Health Net data loss second major insurer breach of 2009

A disk drive containing patient and physician information dating to 2002 was lost, but the company said the data could not be extracted easily.

By Emily Berry — Posted Dec. 7, 2009

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Health Net in November announced that thousands of its members and network physicians could be at risk for identity theft due to a lost portable disk drive that the company said had "gone missing" six months earlier.

However, the disk drive containing millions of image and text files could only be interpreted with software proprietary to Health Net, spokeswoman Alice Ferreira said. "For a layperson it would be difficult to understand what was on the drive."

Information included claims data from 2002 to the present for members in Connecticut, New Jersey and New York, along with associated physician information. Ferreira said she could not speculate about how many physicians would be affected.

Health Net had about 580,000 members in those three states as of Sept. 30, but the disk also contained information about past members.

According to the Connecticut State Medical Society, as many as 5,000 physicians in that state alone could be affected by the breach.

"We are especially concerned because health insurers keep more personal information on file for physicians than they do for patients," said Matthew Katz, executive vice president of CSMS.

The portable disk drive disappeared from Health Net's Shelton, Conn., office in May, but no one outside the company, including the state insurance commissioner, was notified until Nov. 18.

Ferreira said that for the intervening six months, the company was conducting its own investigation, with the help of forensics experts, to figure out what exactly was on the drive. The final report was delivered the week of Nov. 18, she said. "If we had gone any earlier we would still be in the midst of investigation."

She said physicians in Health Net's Northeast network would receive letters notifying them of the breach.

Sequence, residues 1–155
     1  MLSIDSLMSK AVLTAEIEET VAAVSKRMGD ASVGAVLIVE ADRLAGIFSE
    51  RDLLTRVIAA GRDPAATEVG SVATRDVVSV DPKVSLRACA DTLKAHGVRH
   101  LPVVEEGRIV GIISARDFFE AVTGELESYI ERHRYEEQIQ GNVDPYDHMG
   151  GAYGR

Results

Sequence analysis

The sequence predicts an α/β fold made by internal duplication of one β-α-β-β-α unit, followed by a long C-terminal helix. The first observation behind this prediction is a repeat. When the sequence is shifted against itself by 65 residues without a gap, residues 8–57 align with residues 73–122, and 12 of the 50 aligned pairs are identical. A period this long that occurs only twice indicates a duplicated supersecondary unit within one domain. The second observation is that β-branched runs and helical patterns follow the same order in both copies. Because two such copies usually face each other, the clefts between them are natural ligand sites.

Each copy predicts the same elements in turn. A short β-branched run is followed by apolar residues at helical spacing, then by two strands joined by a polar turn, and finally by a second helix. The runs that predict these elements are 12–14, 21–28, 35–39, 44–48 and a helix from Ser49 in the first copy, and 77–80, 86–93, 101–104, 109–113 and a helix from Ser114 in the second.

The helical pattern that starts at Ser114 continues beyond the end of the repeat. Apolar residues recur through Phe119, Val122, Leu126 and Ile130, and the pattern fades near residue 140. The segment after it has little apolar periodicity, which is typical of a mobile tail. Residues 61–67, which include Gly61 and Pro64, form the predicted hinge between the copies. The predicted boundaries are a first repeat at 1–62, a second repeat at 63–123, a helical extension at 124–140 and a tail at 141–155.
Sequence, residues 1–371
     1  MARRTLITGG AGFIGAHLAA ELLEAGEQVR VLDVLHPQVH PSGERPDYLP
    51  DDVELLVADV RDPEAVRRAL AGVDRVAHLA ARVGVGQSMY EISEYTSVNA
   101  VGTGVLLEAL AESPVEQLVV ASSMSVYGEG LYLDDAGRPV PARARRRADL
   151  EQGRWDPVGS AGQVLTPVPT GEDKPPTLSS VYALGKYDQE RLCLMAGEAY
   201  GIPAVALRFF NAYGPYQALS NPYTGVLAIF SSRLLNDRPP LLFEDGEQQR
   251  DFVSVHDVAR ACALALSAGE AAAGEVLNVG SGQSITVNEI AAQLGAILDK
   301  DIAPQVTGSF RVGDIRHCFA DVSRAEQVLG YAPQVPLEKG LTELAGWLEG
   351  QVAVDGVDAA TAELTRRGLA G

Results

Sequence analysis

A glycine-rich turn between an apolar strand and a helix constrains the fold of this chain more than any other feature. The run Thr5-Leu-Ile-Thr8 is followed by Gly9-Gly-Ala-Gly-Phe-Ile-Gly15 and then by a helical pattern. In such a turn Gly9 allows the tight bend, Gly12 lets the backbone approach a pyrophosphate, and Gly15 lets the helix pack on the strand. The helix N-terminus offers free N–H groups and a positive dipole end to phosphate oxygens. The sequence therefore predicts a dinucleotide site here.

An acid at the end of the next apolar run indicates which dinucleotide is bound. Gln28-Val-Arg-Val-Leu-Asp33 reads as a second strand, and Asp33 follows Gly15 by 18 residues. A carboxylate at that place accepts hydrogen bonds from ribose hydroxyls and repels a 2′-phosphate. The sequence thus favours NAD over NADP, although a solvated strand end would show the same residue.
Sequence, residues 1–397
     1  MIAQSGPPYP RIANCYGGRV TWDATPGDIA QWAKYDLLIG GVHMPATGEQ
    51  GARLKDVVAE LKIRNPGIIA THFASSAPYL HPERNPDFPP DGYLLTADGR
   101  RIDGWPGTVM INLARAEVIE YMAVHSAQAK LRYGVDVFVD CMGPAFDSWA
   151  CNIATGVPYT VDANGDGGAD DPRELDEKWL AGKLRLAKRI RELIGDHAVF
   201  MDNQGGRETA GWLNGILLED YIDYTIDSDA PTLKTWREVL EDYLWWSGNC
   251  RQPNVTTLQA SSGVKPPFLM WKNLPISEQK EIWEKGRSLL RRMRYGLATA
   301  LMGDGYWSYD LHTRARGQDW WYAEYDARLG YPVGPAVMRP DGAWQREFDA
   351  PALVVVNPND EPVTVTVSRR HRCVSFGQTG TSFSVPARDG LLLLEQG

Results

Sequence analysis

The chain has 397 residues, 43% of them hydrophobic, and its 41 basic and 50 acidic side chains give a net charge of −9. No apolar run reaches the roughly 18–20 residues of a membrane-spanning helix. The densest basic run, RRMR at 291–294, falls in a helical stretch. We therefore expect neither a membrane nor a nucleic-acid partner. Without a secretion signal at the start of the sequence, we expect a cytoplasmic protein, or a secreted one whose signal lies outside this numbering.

The company has agreed to pay for two years of credit monitoring for affected doctors and patients who request it, as required by Connecticut Insurance Commissioner Thomas R. Sullivan. Instructions for making that request will be in the letters to physicians, Ferreira said.

She said there has been no sign that the information has been misused, but that the credit monitoring and repair services would be retroactive to when the disk drive was lost.

Sullivan sent a letter to Health Net asking for more information about the data breach, and gave them until Dec. 1 to respond.

He asked exactly how many people were affected, what led to the loss of the disk drive and whether it contained protected health information. Sullivan also sought documentation of Health Net's security procedures, an explanation of what changes the plan has made in response to what happened, and why it took so long for the company to notify his office.

"Rest assured that my office is committed to a thorough review of this situation, and will determine next steps and appropriate enforcement action," the commissioner said in a news release.

This is the second reported insurance company data breach this year involving thousands of physicians. The other came to light in October when BlueCross BlueShield-affiliated plans across the country began notifying physicians that a laptop belonging to an employee of the Chicago-based BlueCross BlueShield Assn. was stolen in August.

An unencrypted file containing identifying information for every Blues-contracted physician in the country -- about 850,000 physicians in total -- was saved on the laptop. So far there's been no evidence the data have been misused, but state regulators have been critical of the Blues for allowing the breach to happen and for taking months to report it.

AMA delegates at their November Interim Meeting passed a resolution calling for Blues plans to pay for five years of credit monitoring for affected physicians, and for any health insurer that experienced a similar breach to notify physicians immediately. The Blues are covering credit monitoring for one year.

UnitedHealth Group is set to acquire Health Net's Northeast business in a deal reached in July.

Health Net's members in the Northeast will have to option to renew with United, and the final value of the deal will depend on how many of them do so. The acquisition is pending regulatory approval.

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